Leicester’s Ford had a slow start to the season, losing in the first round of four ranking events, but has now found his game, winning two qualifying matches to make it to the Barbican then seeing off John Higgins and Brecel.

Ford went 2-0 up with a top break of 70 and he led 54-0 in the next but Brecel hit back to take it with an excellent 61 clearance. In frame four, Ford was up 54-8 with three reds left when he ran out of position, and again Brecel cleared to go to the interval at 2-2. Leicester’s Ford regained the lead with a run of 79.

Frame six came down to a safety battle on the green, resolved when Brecel clipped in a long pot and cleared the table to square the tie at 3-3. Once again it was Ford who edged ahead thanks to a run of 100, and he got the better of a safety tussle on the last red in frame eight, clearing to lead 5-3. The 39-year-old dominated frame nine to reach the 15th ranking quarter-final of his career.

I played well in patches,” said Ford. “Just to get over the line and get to the next round it was a big win for me because that puts me into the World Grand Prix I think. I’m feeling better as the matches go on.

It would mean a lot to get to the semis, it would give me a big confidence boost. Before this event I’d hardly won a game this season, so getting into the quarters of the UK is a great achievement.”

I can’t comment on this one, as I didn’t watch it at all.

Wednesday evening

Craigie To Meet Allen In Quarters

Sam Craigie kept his fantastic run going at the Cazoo UK Championship, beating Ryan Day 6-4 to reach the second ranking event quarter-final of his career.

After winning two matches to qualify for the Barbican, Craigie knocked out defending champion Zhao Xintong, and has now beaten in-form Day who won the Cazoo British Open last month. His next opponent on Friday is Mark Allen, who scored a 6-3 success against Kyren Wilson.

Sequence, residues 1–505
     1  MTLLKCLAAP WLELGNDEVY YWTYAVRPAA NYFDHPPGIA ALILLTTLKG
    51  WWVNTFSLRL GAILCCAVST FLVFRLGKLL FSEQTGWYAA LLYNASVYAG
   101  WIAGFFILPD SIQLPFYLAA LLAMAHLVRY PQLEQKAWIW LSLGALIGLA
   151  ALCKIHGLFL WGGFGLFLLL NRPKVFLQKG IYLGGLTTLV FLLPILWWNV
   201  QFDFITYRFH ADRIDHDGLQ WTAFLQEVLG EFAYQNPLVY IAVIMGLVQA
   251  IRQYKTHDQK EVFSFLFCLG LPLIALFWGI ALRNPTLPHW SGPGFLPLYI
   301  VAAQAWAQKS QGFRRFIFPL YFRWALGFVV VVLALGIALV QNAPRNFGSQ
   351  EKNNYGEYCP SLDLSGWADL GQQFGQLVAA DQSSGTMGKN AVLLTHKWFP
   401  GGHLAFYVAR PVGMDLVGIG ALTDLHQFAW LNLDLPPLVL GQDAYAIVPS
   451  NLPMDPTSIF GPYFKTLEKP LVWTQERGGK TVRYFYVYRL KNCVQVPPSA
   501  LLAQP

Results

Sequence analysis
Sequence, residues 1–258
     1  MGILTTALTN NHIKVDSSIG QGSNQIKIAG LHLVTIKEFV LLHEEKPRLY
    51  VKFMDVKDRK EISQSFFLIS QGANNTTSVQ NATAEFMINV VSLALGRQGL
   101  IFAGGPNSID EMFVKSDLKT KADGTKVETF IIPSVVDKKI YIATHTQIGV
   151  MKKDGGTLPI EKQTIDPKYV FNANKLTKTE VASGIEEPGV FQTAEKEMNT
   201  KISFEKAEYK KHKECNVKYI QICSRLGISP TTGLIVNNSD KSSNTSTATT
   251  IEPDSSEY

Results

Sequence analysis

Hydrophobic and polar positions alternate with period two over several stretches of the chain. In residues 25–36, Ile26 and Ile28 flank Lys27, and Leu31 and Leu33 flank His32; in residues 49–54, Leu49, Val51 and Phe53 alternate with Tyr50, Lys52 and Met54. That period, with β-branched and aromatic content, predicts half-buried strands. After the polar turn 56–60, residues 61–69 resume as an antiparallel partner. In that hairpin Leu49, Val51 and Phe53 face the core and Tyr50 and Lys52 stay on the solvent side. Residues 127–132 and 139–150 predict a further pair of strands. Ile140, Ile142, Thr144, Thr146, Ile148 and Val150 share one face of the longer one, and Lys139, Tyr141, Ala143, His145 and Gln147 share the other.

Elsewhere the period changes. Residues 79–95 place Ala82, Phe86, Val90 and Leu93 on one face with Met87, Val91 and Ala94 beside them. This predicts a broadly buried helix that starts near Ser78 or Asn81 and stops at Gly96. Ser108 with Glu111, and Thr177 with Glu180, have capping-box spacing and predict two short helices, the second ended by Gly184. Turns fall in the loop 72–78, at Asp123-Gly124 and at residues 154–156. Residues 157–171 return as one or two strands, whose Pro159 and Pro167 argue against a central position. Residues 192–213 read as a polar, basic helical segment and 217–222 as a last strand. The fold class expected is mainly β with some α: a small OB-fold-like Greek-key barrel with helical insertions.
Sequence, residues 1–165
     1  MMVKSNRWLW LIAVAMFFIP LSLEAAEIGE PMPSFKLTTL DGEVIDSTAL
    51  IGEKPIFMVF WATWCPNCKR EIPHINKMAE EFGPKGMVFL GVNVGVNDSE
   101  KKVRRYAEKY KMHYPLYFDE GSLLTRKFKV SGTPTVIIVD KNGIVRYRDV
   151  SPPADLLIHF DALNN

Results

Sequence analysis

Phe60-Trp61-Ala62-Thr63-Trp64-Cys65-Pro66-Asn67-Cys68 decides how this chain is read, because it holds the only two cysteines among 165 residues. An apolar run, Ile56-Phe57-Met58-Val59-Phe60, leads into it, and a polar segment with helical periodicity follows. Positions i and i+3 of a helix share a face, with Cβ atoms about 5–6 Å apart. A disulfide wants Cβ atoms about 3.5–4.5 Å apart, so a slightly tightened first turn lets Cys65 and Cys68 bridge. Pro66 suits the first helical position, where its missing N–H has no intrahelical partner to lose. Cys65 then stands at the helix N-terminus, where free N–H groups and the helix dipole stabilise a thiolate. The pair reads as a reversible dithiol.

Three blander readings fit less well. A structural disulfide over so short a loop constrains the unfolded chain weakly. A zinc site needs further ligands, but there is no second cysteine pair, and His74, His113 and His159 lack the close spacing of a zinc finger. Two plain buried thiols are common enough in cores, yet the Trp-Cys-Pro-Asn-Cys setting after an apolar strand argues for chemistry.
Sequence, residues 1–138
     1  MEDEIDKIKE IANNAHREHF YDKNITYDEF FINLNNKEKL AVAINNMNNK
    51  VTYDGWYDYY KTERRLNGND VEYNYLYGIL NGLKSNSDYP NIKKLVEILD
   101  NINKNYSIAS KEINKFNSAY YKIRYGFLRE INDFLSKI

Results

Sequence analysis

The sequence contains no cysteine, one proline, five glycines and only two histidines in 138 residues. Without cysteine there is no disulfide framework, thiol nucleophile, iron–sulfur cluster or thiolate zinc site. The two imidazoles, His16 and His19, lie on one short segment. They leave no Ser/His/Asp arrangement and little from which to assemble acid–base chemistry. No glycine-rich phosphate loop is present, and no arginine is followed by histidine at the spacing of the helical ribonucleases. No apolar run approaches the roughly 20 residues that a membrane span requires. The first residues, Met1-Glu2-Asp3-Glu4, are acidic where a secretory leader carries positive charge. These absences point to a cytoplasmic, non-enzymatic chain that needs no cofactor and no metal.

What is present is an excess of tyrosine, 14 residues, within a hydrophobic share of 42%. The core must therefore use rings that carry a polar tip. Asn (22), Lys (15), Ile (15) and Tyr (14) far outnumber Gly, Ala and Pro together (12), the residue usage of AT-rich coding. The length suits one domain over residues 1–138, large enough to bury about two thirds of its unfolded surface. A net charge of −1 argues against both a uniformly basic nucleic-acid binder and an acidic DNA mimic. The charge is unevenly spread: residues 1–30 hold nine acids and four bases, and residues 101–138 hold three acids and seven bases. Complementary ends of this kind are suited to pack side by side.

Craigie’s only previous run to the last eight of a ranking event came at the China Open in 2019, when Neil Robertson ended his progress. Victory over Allen would mean his deepest run since turning pro in 2011, as well as his biggest pay day. The 29-year-old from Newcastle-Upon-Tyne is enjoying the most consistent year of his career as he also reached the last 16 of the German Masters and Turkish Masters early in 2022, and is set to break into the top 40 of the world rankings.

He made three centuries tonight – 103, 130 and 103 – helping him to a 4-2 lead. Day made 52 and 112 as he fought back to 4-4, but Craigie took frame nine with runs of 41 and 36 then clinched the result in frame ten with a 77.

I know I had some good breaks but I didn’t feel I was going to score today and I lost the white a few times,” said Craigie, who won the World Under-21 Championship back in 2010, beating his brother Stephen 7-6 in the semi-finals and Li Hang 9-8 in the final. “Ryan put me under pressure at 4-4 so I was pleased to come through that. If I can score heavily, someone will have to play well to beat me.

I had friends in the crowd tonight plus my fair share of support from the neutrals so I really appreciate that. I’m looking forward to playing Mark Allen because I really get on with him, and hopefully it will be a good game for the fans.”

Northern Ireland’s Allen is arguably the player of the season so far having won the Northern Ireland Open and reached the final of the Cazoo British Open. He is now through to the UK Championship quarter-finals for the sixth time and has his sights set on the trophy, having finished runner-up in 2011 and 2018.

Wilson took the first two frames tonight with a top break of 67, but Allen took control as the contest progressed. The world number nine won six of the next seven frames with top breaks of 60, 70, 96, 84, 80 and 70. Defeat for Wilson means that Ronnie O’Sullivan and Judd Trump are the only members of the top eight left in the field.

Allen said: “I had a slow start and gifted the first two frames to Kyren. At 2-2 I felt very relaxed because I felt I had broken the back of the match. After the interval my safety was good and I potted a few long ones. I have never been one to look at draws or think about who’s still in it. Sam Craigie might be a bit further down the rankings but he thoroughly deserves to be here because he has had two cracking wins. It will be a big match for both of us on Friday.”

Even at 2-0 down, the feeling was that Mark Allen was in better shape and more confident than Kyren Wilson. Mark’s long potting was excellent. I totally get what he said about going into the interval relaxed. You could sense it: he had the upper hand and memories about their Masters final crept in my mind … probably in Kyren’s mind too. In fact, Kyren has not beaten Mark since the 2018 Champion of Champion, four years ago.